Growers typically hold small plots, mixing coca with other crops as a fail-safe source of income. The plant’s durability and relatively stable market price makes it an ideal cash crop for remote areas of the rugged Andean mountains, where infrastructure is often lacking. While this price may be high compared to other crops, the vast profits of the cocaine trade are accumulated by organised crime, with growers receiving as little as 0.01 per cent of the final street price. This kind of involvement in the cocaine market is driven by poverty and a lack of viable alternatives, as is demonstrated by the repeated failure of crop-substitution programmes.
Crop-substitution programmes promote adoption of other cash crops with promises of technical and financial support. They have also sometimes been conditioned on total eradication of coca, which implies a significant financial risk for growers. Drug control has been the overriding concern and indicator of success for these projects, rather than community development. While some programmes have had positive effects, a lack of economies of scale, poor infrastructure, and fluctuations in global prices have often hindered a shift towards other commodity crops, leaving farmers with little choice but to return to coca.
Insufficient levels of funding have also provoked the criticism that these programmes are mere window dressing for enforcement efforts. The US has spent billions of dollars waging its war on drugs in Latin America, with resources for militarised enforcement far outstripping those dedicated to development programmes. The US has also pressured the Andean governments into forced eradication of coca crops, either via manual eradication by heavily-armed state security forces or by aerial herbicidal fumigation of presumed-coca plantations. The former has been associated with human rights abuses, whereas the latter has been blamed for environmental destruction and for poisoning food crops and drinking water.
In Colombia, this situation has been complicated by the presence of armed actors. Guerrilla forces and paramilitaries have harnessed lucrative sources of illicit income, such as the drug trade and illegal gold.
In formerly FARC-controlled areas, for example, coca growers would pay a tax on their crop to the de facto guerrilla government. During incursions from paramilitaries and even state security forces, such communities risked censure for their role as supposed FARC collaborators. Operating in the shadows of the illicit economy, these communities are left without protection, as the enforcement approach to their livelihoods puts drug control before poverty reduction and human rights.
In the historically marginalised and impoverished region of Chocó, armed groups have fought for territorial control of trafficking routes and informal, small-scale mechanised gold-mining operations. This dynamic has had devastating effects on local communities, causing violence, internal displacement, and environmental damage. However, it is also true that modest royalties from giving miners access to land have become a means of survival for some in an extremely difficult context. Local people and inward migrants also work as labourers for gold-mining operations, complicating the picture further. Again, poverty and a lack of alternatives fuel involvement in illicit activity, with the state largely absent.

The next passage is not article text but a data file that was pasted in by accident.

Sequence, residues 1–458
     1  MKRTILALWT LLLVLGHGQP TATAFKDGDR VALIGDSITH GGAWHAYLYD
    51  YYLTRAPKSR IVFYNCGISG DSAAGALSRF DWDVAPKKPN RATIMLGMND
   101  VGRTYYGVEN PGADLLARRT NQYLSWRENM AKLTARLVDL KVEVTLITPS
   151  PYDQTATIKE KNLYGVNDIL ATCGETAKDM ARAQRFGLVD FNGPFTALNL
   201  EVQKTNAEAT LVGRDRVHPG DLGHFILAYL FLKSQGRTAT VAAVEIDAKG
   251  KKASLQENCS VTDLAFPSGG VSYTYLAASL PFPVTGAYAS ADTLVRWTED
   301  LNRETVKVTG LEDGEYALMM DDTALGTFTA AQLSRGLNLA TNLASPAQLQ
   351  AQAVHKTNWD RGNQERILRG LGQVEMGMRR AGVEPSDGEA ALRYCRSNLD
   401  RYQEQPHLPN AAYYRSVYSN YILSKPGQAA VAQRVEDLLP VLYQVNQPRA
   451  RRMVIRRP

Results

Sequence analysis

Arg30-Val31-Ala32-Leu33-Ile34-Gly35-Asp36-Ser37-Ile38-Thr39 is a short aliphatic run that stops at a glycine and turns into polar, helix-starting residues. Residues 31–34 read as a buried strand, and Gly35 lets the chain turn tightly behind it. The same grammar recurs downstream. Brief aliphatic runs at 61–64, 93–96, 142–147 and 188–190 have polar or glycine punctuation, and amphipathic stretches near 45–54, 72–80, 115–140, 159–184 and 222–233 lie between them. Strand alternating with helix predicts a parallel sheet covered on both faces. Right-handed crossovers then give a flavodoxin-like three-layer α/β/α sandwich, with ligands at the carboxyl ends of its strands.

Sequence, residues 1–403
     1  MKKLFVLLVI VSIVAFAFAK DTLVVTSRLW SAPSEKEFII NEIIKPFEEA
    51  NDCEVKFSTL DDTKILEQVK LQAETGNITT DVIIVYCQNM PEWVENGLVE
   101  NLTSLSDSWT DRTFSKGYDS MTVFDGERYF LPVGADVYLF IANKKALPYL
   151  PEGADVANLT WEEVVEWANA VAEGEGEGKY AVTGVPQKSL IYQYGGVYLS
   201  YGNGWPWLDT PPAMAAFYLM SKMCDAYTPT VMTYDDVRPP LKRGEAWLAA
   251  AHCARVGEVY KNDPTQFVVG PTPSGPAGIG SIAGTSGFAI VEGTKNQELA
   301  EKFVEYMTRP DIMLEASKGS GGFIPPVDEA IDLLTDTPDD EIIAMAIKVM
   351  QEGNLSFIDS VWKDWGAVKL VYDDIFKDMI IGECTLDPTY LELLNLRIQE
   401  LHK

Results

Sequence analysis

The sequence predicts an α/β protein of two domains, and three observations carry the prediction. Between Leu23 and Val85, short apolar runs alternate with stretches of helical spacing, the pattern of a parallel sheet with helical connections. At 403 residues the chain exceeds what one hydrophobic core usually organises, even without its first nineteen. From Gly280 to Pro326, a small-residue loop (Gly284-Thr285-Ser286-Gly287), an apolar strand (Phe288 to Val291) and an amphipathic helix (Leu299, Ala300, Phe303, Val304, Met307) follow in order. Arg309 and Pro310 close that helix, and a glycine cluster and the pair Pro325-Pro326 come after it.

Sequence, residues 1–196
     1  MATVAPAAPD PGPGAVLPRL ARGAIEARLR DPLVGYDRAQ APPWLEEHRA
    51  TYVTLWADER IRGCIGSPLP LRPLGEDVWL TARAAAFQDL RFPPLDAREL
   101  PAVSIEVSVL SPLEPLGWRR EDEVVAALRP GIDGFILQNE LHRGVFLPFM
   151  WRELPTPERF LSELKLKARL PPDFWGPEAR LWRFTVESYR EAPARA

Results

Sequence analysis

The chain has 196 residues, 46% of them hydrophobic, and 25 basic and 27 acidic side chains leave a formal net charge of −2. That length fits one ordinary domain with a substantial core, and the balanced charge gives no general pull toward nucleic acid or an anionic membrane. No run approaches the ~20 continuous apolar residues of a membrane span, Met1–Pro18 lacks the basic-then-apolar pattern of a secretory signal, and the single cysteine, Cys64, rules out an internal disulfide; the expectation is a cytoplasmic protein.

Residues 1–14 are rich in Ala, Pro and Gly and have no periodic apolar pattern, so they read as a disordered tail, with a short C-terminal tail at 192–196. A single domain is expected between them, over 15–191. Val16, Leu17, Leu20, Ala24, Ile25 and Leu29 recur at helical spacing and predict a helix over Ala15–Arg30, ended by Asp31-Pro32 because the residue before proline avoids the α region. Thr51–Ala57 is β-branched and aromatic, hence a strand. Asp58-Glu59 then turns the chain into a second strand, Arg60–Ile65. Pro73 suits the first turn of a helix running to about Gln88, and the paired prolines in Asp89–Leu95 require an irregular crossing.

Far from settling the conflict, the Colombian government’s peace settlement with the FARC has resulted in increased violence in Chocó. The remaining armed groups have occupied the void left by the FARC and exploited the same illicit economic opportunities. Doubts remain about the government’s ability to deliver peace and viable economic alternatives, such as sustainable gold mining that could benefit Chocoan communities, and for the meantime regions like Chocó bear the brunt of the conflict.
Towards a new agenda?
So what can the international community do to more effectively tackle the threats posed by illicit economies whilst avoiding further harms to marginalised communities? There are already clear signs of movement towards a new agenda that could answer this crucial question.
The United Nations Development Programme, for example, has highlighted the damaging effects of drug-control policies on human development, while the outcome document of the 2016 UN General Assembly on the World Drug Problem recognised that efforts to tackle illicit drug economies and achieve Sustainable Development Goals were complementary and mutually reinforcing. More tangibly, the Bolivian government – supported by the European Union and the UN Office on Drugs and Crime – has introduced a less confrontational approach to monitoring and controlling coca cultivation. This system of “social control” is designed to prevent diversion of coca into the illicit market while also ensuring that growers retain a base level of subsistence. Alongside this, the German development agency GIZ has been working to improve alternative forms of sustainable agriculture in coca growing areas. This approach takes regional development as the key indicator of success rather than simple reductions in coca cultivation.
A growing research agenda in this area has emerged in conversation with such policy developments. In April 2018, the University of Glasgow, the Global Partnership on Drugs and Development at GIZ, Christian Aid, and SOAS held an international conference focusing on the development implications of illicit economies. The conference brought together academics, policymakers, and representatives of the development sector to discuss different views and experiences, new research, gaps in empirical data, policy responses, and specific barriers to understanding and addressing this controversial issue.
With the collaboration of the LSE International Drug Policy Unit, this ultimately led to the inaugural special issue of the new Journal of Illicit Economies and Development. The development of initiatives involving this kind of cross-sectoral dialogue will be crucial in advancing this new agenda, addressing the uncomfortable truths behind illicit economies, and improving the daily lives of impoverished and marginalised communities in Latin America and beyond.
• The views expressed here are of the authors and do not reflect the position of the Centre or of the LSE